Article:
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Bill Thayer

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Appendix C

This webpage reproduces part of an item in the
Tennessee Historical Magazine

published by the
Tennessee Historical Society

The text is in the public domain.

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Appendix E
This site is not affiliated with the US Military Academy.

Bedford's Tour (1807)

Vol. V
Appendix D. — Matthew Lyon.

"Col. Matthew Lyon, the most remarkable character among the public men of Southwestern Kentucky, was born in Wicklow County, Ireland, in 1746, and died at Spadra Bluff, Arkansas Territory, August 1, 1822, aged 76.

His father, while Matthews was a small boy, engaged in a conspiracy against the British crown, for which he was tried, condemned and executed. His widow soon married; and Matthew, at the age of 19, fled from the cruelty of a step-father to America. To secure his passage, he bound himself to the captain to work for twelve months after his arrival. The captain sold him to a farmer in Connecticut for two bulls; he served his time faithfully and became a free man; but ever after his favorite by-word was "By the bulls that bought me." Subsequently he became a citizen of Vermont; and in 1776, when the Revolutionary war broke out, entered the army of the colonists as a lieutenant in a company of "Green Mountain Boys." In the latter part of that year, he was reduced to the ranks for disobeying orders by leaving his command on Onion River (to visit his sweetheart); but he subsequently served as temporary paymaster of the Northern army in 1777, and in 1778 as deputy secretary of the Governor of Vermont, and also clerk of the court of confiscation; and eventually rose to the rank of Colonel of militia.

At the close of the war he married the girl who cost him his lieutenancy; but she soon died, leaving one child. He founded the town  p68 of Fairhaven in 1783, where he built saw mills, grist mills, an iron foundry, engaged in paper making from basswood, and in a variety of other occupations; and at one time edited a newspaper, to which he gave the strongest of names — "The Scourge of Aristocracy and Repository of Important Political Truth," it was of an ultra-Democratic character, and part of the types and the paper were manufactured by himself. He served that town in the Vermont Legislature ten years; in 1786 he was Assistant Judge of Rutland County.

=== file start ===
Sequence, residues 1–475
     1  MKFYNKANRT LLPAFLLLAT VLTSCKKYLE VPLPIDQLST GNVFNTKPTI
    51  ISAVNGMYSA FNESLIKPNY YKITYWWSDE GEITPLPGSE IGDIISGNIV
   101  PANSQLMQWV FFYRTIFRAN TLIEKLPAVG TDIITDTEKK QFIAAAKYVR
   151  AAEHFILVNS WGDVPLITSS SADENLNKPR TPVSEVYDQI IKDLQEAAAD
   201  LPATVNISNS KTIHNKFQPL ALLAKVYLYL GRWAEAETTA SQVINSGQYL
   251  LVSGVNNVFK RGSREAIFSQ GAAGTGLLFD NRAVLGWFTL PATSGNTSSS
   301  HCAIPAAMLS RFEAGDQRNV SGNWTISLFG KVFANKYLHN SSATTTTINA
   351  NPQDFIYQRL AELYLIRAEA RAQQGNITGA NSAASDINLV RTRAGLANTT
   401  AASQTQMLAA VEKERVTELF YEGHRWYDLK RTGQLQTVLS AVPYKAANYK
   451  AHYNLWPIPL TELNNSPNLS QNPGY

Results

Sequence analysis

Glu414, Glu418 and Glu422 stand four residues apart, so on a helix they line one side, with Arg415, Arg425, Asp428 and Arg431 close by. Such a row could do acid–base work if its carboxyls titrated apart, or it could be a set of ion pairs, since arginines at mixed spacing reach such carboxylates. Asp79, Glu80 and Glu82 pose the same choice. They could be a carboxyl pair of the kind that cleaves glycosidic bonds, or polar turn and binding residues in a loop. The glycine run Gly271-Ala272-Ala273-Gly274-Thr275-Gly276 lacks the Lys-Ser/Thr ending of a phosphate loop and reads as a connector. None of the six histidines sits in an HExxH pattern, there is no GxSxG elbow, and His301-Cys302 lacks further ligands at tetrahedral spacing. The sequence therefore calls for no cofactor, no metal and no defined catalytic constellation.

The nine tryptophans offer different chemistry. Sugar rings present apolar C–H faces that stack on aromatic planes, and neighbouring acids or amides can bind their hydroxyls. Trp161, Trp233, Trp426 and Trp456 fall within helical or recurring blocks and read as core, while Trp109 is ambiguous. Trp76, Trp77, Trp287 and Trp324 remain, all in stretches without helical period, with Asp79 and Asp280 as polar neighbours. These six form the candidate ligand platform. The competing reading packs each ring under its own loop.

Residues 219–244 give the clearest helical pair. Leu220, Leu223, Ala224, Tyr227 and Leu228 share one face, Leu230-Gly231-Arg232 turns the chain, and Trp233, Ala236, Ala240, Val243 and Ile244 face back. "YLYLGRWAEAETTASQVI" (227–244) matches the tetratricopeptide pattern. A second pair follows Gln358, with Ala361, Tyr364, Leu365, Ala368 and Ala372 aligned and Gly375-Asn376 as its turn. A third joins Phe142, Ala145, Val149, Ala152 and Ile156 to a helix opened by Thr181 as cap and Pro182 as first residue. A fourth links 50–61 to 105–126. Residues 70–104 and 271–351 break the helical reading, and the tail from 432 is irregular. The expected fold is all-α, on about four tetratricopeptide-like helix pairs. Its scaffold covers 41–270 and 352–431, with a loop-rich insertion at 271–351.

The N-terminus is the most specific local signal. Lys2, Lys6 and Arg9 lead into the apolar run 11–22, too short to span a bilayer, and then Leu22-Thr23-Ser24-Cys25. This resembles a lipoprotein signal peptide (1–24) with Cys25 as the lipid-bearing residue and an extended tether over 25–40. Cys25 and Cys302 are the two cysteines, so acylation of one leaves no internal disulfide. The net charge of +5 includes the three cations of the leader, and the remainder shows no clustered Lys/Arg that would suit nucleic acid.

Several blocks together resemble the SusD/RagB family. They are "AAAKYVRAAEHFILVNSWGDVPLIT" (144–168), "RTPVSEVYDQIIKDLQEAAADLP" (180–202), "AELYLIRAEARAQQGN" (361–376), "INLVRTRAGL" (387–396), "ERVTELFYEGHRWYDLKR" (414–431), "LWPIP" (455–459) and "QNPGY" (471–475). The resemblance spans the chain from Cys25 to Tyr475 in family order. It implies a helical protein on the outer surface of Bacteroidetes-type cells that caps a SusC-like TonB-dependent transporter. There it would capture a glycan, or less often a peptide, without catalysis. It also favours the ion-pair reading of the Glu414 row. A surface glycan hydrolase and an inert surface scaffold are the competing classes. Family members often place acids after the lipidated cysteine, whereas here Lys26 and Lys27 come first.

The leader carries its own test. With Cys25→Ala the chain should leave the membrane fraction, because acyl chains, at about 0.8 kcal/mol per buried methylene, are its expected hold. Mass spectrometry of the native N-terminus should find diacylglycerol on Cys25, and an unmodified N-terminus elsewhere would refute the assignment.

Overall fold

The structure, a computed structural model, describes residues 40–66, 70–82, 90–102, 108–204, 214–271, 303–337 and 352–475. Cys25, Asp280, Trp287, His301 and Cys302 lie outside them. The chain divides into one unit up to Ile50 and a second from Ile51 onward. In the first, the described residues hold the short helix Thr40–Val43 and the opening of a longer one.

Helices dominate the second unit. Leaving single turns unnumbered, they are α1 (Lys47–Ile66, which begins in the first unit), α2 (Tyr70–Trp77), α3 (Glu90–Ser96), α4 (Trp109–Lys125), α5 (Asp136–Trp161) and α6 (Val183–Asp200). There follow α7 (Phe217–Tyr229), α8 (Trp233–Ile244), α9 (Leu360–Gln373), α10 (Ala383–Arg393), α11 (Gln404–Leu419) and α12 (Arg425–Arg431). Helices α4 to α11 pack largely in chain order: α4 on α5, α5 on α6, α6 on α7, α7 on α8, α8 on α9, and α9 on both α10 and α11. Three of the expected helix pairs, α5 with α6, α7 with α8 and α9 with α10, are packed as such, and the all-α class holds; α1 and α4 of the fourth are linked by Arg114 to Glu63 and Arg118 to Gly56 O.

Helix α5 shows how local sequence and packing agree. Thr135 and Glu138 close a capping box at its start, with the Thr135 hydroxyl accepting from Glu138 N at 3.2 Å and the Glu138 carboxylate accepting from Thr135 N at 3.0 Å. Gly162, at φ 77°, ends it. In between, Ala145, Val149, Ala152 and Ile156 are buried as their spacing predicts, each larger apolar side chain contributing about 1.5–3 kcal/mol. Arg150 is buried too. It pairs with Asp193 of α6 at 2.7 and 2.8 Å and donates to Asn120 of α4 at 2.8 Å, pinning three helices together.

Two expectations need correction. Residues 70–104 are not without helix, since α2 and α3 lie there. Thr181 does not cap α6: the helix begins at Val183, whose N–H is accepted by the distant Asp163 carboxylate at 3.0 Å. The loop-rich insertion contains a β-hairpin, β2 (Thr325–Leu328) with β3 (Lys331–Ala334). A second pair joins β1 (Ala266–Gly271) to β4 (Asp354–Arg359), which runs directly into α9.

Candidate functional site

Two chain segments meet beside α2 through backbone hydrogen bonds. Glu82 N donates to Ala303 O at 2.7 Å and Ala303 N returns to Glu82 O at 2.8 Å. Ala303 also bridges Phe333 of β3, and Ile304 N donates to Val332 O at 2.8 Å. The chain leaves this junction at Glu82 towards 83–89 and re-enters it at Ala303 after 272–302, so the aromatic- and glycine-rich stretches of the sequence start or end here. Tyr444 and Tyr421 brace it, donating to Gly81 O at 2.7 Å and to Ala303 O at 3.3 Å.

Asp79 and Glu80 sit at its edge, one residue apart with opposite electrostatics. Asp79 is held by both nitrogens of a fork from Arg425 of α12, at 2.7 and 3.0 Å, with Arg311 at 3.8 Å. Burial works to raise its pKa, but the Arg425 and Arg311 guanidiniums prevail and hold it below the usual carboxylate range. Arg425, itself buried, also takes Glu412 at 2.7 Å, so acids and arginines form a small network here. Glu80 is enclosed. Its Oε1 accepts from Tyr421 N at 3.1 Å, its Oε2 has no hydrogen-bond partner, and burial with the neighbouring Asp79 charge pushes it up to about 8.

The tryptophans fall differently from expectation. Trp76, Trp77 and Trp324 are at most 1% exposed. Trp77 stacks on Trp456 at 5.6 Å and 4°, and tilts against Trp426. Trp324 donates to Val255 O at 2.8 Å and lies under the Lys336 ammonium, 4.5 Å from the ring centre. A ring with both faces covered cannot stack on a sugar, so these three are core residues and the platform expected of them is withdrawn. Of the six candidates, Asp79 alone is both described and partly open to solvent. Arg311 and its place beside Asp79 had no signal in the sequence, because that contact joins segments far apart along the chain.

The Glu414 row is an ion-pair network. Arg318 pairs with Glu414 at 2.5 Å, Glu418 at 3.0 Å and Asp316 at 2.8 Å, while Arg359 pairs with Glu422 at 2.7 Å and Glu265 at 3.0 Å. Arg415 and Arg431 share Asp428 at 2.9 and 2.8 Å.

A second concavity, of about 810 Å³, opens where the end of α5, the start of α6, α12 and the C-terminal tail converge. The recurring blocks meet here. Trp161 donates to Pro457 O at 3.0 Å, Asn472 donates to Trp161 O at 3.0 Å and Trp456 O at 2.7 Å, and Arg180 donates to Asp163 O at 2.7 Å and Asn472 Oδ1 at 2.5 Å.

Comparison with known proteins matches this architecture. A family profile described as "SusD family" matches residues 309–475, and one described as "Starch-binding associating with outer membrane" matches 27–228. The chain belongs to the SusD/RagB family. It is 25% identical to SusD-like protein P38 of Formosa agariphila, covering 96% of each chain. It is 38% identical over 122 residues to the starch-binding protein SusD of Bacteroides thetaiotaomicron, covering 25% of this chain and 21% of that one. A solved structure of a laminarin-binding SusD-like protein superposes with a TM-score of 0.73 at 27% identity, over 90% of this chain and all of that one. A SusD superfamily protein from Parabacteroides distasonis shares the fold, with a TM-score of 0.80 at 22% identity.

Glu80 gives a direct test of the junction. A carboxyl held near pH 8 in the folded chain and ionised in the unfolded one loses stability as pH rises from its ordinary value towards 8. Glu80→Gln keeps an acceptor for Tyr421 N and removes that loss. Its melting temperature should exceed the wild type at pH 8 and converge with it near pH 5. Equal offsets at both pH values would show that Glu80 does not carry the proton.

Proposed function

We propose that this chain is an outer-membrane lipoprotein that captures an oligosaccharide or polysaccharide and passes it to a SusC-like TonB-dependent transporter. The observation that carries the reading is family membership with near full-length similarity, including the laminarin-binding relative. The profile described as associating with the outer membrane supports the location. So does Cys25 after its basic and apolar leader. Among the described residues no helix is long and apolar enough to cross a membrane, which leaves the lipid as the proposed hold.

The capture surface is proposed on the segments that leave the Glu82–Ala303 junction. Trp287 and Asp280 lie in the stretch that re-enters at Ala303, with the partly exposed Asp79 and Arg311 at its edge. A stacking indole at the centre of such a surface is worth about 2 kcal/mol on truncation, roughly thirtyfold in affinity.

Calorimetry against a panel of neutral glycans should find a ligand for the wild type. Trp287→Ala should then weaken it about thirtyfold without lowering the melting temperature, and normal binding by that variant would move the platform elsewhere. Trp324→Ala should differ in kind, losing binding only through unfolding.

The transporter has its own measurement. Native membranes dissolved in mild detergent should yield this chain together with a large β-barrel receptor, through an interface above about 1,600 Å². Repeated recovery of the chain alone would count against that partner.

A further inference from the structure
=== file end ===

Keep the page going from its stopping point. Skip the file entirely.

Becoming an active political leader, he was elected to Congress in 1797 by the anti-Federal party; and during his service, married Mrs. Beulah Galusha, a widowed daughter of Governor Thomas Chittenden, of Vermont. He was extremely bitter against the administration of President John Adams; and in October, 1798, under the alien and sedition law, was convicted of a libel on the President, fined $1,000, and confined for four months in the Vergennes gaol. An attempt to expell him from Congress as a convicted felon failed for want of a two-thirds vote.

During this congressional term, he had a violent personal altercation on the floor of the House, caused by spitting in the face of Roger Griswold, of Connecticut, ending in blows; but the motion to expell them was defeated. In 1799, while a prisoner in gaol, he was re-elected for two years, 1799‑1801, and taken from prison by his friends to represent them in Congress. Just before the close of his term, on February 17, 1801, on the 36th ballot, Col. Lyon decided the painful and protracted seven days' voting for President, by casting his vote and that of Vermont for Thomas Jefferson — making him President in preference to Aaron Burr.

In the spring of 1804, with his family, and his sons-in‑law, John Messenger and Dr. Geo. Caldwell, and their families, Col. Lyon sailed down the Ohio River and up the Cumberland in Livingston County, and founded Eddyville, He became a large land holder, and owned many slaves. He served in the Legislature of Kentucky and again in Congress for eight years, 1803‑1811. Through his instrumentality Eddyville became a place largely known for boat building, not only of barges and keels, but gun‑boats, etc. (See note "Eddyville"). In 1811‑1812, Col. Lyon was employed by the United States War Department to build gun‑boats for the war with England, but he became bankrupt from the speculation. In 1820, he was appointed by President Monroe a factor among the Cherokee Indians in Arkansas; and when that territory was organized in 1822, was elected the first delegate to Congress, but did not live to take his seat. His remains were interred at Eddyville."

(Collin's "School Hist. of Ky." — p491).

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